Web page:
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Kisspeptin is essential for the full preovulatory LH surge and stimulates GnRH release from the isolated ovine median eminence.
Endocrinology
PUBLISHED: 01-14-2011
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Kisspeptins are the product of the Kiss1 gene and potently stimulate GnRH secretion. In sheep, Kiss1 mRNA-expressing cells are found in the arcuate nucleus (ARC) and dorsal-lateral preoptic area and both appear to mediate the positive feedback effect of estradiol to generate the preovulatory GnRH/LH surge. To determine the role of kisspeptin in transmitting estrogen-positive feedback in the hypothalamus, we administered the kisspeptin antagonist p-271 to ewes subjected to an estradiol benzoate-induced LH surge. Kisspeptin antagonist treatment significantly attenuated these LH surges. We further examined the response to kisspeptin treatment prior to the LH surge. Kisspeptin significantly stimulated GnRH secretion into the hypophysial portal system, but the response to kisspeptin was similar in luteal and late-follicular phase ewes. Kiss1r mRNA expression in GnRH neurons was also similar across the estrous cycle. To examine alternative pathways for kisspeptin stimulation of GnRH neurons, we examined the origin of kisspeptin neuronal fibers in the external zone of the median eminence (ME) using neuronal tracing and immunohistochemical techniques. ARC populations of kisspeptin neurons project fibers to the ME. Finally, we showed kisspeptin stimulates GnRH release from ovine ME-cultured explants. This suggests direct kisspeptin to GnRH terminal-to-terminal communication within the ME. Overall, these data indicate an essential role for kisspeptin in receiving stimulatory estrogen signals and generating the full positive feedback GnRH/LH surge. Kisspeptin neurons of the ARC project to the external zone of the ME and kisspeptin acts upon the GnRH fibers at this level.
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Kisspeptin-10 inhibits angiogenesis in human placental vessels ex vivo and endothelial cells in vitro.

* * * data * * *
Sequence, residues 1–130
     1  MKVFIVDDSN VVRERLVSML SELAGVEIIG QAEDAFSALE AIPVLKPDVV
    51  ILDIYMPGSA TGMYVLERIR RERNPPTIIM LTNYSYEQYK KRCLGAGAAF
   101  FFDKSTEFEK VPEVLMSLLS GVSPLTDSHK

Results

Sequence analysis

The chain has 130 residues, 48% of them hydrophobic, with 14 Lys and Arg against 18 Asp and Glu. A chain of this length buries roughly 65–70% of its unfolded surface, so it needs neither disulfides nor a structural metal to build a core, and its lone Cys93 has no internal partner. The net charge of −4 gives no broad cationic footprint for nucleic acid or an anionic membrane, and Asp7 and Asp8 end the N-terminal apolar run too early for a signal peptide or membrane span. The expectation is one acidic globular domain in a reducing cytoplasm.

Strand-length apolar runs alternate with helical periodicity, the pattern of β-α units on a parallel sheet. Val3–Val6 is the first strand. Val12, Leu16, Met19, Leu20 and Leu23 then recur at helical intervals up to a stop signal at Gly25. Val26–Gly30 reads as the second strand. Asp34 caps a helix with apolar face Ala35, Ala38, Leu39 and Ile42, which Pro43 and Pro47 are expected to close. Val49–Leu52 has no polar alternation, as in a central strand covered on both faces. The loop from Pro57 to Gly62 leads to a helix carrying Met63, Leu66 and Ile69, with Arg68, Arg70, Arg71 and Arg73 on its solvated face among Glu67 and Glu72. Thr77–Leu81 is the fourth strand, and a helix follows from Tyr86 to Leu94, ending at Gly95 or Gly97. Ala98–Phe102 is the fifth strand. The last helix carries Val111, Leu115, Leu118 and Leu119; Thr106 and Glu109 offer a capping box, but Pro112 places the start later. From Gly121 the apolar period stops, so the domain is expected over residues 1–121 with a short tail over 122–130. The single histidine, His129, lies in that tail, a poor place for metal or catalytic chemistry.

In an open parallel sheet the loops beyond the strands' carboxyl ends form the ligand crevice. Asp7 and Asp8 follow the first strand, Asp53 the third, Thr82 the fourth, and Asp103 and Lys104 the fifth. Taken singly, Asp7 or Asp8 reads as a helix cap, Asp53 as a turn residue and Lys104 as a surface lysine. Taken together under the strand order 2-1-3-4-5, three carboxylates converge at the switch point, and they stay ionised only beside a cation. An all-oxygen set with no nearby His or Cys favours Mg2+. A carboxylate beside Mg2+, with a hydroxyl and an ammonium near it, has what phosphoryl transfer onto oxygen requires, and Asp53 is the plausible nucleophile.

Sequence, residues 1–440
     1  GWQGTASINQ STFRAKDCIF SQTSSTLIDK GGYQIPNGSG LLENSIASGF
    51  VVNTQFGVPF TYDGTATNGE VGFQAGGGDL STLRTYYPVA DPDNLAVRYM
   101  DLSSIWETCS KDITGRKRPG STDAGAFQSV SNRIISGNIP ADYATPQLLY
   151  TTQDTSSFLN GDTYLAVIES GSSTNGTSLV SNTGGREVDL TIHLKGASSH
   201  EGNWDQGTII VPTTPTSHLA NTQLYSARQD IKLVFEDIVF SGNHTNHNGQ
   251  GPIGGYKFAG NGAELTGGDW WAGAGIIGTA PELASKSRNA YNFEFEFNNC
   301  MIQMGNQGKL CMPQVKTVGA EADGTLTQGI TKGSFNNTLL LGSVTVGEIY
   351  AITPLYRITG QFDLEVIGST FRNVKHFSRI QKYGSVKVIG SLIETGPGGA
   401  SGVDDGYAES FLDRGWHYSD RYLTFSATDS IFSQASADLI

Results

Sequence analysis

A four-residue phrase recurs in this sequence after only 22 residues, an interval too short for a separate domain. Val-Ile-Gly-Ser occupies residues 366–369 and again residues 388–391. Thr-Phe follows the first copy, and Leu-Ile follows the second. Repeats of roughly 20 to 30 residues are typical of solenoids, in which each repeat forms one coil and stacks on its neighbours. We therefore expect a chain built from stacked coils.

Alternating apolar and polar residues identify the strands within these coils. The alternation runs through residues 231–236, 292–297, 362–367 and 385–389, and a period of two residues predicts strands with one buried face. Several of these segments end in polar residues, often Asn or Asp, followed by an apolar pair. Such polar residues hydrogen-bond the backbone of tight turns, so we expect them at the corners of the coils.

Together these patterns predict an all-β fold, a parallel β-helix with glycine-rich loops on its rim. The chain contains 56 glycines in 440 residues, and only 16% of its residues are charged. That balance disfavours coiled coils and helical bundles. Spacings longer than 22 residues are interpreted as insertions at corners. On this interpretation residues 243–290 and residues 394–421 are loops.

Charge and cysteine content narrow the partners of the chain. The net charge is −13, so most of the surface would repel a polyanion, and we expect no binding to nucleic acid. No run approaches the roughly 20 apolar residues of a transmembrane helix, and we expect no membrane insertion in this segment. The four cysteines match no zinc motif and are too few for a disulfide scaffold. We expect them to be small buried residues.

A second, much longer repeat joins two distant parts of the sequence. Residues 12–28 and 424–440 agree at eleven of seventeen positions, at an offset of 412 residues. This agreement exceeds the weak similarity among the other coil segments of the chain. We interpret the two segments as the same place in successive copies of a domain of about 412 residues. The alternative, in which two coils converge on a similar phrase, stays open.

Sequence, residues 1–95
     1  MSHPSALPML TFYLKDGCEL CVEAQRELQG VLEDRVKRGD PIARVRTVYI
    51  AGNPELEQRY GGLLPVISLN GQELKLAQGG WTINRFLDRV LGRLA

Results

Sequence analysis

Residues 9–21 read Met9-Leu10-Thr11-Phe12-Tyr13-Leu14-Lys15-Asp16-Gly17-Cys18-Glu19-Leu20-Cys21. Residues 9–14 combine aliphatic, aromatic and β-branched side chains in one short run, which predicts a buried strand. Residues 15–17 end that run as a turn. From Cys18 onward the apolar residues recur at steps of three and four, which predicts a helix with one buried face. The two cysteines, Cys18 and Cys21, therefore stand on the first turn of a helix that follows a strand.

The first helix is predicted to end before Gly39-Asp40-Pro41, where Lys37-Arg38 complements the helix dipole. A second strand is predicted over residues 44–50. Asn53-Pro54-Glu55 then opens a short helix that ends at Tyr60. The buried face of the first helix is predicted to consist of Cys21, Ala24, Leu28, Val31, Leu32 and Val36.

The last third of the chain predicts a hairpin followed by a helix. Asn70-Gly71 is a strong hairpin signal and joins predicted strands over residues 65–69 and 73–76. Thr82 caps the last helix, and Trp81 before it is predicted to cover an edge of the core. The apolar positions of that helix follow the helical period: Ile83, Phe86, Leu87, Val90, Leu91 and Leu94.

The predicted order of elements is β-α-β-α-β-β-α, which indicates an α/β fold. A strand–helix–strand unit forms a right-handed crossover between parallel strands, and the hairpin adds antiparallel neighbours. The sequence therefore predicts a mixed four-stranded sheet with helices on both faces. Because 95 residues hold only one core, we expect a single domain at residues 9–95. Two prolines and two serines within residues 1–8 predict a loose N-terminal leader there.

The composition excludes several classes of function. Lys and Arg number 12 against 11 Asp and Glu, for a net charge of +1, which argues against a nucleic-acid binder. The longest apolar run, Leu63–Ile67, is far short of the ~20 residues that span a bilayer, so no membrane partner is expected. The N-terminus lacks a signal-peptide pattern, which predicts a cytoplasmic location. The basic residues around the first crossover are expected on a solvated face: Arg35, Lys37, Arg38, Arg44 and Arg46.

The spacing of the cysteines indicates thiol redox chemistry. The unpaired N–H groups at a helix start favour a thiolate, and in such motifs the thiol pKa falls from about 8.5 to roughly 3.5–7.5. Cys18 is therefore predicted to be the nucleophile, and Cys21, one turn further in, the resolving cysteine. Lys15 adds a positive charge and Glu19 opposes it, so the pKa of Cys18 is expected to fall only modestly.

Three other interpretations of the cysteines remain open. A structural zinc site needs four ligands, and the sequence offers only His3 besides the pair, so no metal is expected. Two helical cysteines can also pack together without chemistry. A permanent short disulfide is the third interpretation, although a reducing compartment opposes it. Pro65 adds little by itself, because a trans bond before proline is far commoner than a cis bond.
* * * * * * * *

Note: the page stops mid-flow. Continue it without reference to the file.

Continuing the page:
Endocrinology
PUBLISHED: 10-06-2010
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Recent studies suggest that kisspeptin (a neuropeptide central to the regulation of gonadotrophin secretion) has diverse roles in human physiology, including a putative role in implantation and placental function. Kisspeptin and its receptor are present in human blood vessels, where they mediate vasoconstriction, and kisspeptin is known to inhibit tumor metastasis and trophoblast invasion, both processes involving angiogenesis. We hypothesized that kisspeptin contributes to the regulation of angiogenesis in the reproductive system. The presence of the kisspeptin receptor was confirmed in human placental blood vessels and human umbilical vein endothelial cells (HUVEC) using immunochemistry. The ability of kisspeptin-10 (KP-10) (a shorter biologically active processed peptide) to inhibit angiogenesis was tested in explanted human placental arteries and HUVEC using complementary ex vivo and in vitro assays. KP-10 inhibited new vessel sprouting from placental arteries embedded in Matrigel and tube-like structure formation by HUVEC, in a concentration-dependent manner. KP-10 had no effect on HUVEC viability or apoptosis but induced concentration-dependent inhibition of proliferation and migration. In conclusion, KP-10 has antiangiogenic effects and, given its high expression in the placenta, may contribute to the regulation of angiogenesis in this tissue.
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Elevated GnRH receptor expression plus GnRH agonist treatment inhibits the growth of a subset of papillomavirus 18-immortalized human prostate cells.
Prostate
PUBLISHED: 08-16-2010
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Human metastatic prostate cancer cell growth can be inhibited by GnRH analogs but effects on virus-immortalized prostate cells have not been investigated.
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Kisspeptin antagonists: unraveling the role of kisspeptin in reproductive physiology.
Brain Res.
PUBLISHED: 06-21-2010
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Kisspeptin has recently been identified as a key neuroendocrine gatekeeper of reproduction and is essential for the initiation of human puberty and maintenance of adult reproduction. Kisspeptin neurons appear to be integrative sensors, as they respond to changes in numerous internal and external factors including nutrient and fat status, stress and sex steroids, thus providing a link between these factors and reproduction. We have pioneered the development of kisspeptin antagonists as powerful tools for interrogating the role of kisspeptin in reproductive physiology and pathology, and as potential treatments for hormone-dependent disease. This article summarizes their development and key findings to date. These demonstrate an essential role for kisspeptin in GnRH neuron firing, GnRH pulsatile secretion, negative feedback by gonadal steroids, the onset of puberty, and the ovulatory LH surge. These studies establish that kisspeptin antagonists are powerful investigative tools and set the scene for more extensive physiological and pathophysiological studies as well as therapeutic intervention.